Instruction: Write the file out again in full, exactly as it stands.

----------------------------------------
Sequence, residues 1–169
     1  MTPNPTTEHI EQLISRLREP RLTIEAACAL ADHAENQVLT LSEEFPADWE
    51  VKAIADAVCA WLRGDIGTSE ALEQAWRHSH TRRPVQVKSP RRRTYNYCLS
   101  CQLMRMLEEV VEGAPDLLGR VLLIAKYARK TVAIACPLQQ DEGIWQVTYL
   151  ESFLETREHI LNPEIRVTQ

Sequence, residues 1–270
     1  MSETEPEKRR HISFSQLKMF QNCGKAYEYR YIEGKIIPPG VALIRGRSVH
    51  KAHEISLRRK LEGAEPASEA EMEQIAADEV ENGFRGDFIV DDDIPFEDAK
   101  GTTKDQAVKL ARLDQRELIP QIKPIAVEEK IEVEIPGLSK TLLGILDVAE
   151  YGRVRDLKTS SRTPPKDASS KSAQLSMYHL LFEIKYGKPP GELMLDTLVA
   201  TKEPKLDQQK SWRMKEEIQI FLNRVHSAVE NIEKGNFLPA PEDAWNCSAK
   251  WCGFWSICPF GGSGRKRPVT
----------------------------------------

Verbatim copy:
Sequence, residues 1–169
     1  MTPNPTTEHI EQLISRLREP RLTIEAACAL ADHAENQVLT LSEEFPADWE
    51  VKAIADAVCA WLRGDIGTSE ALEQAWRHSH TRRPVQVKSP RRRTYNYCLS
   101  CQLMRMLEEV VEGAPDLLGR VLLIAKYARK TVAIACPLQQ DEGIWQVTYL
   151  ESFLETREHI LNPEIRVTQ

Sequence, residues 1–270
     1  MSETEPEKRR HISFSQLKMF QNCGKAYEYR YIEGKIIPPG VALIRGRSVH
    51  KAHEISLRRK LEGAEPASEA EMEQIAADEV ENGFRGDFIV DDDIPFEDAK
   101  GTTKDQAVKL ARLDQRELIP QIKPIAVEEK IEVEIPGLSK TLLGILDVAE
   151  YGRVRDLKTS SRTPPKDASS KSAQLSMYHL LFEIKYGKPP GELMLDTLVA
   201  TKEPKLDQQK SWRMKEEIQI FLNRVHSAVE NIEKGNFLPA PEDAWNCSAK
   251  WCGFWSICPF GGSGRKRPVT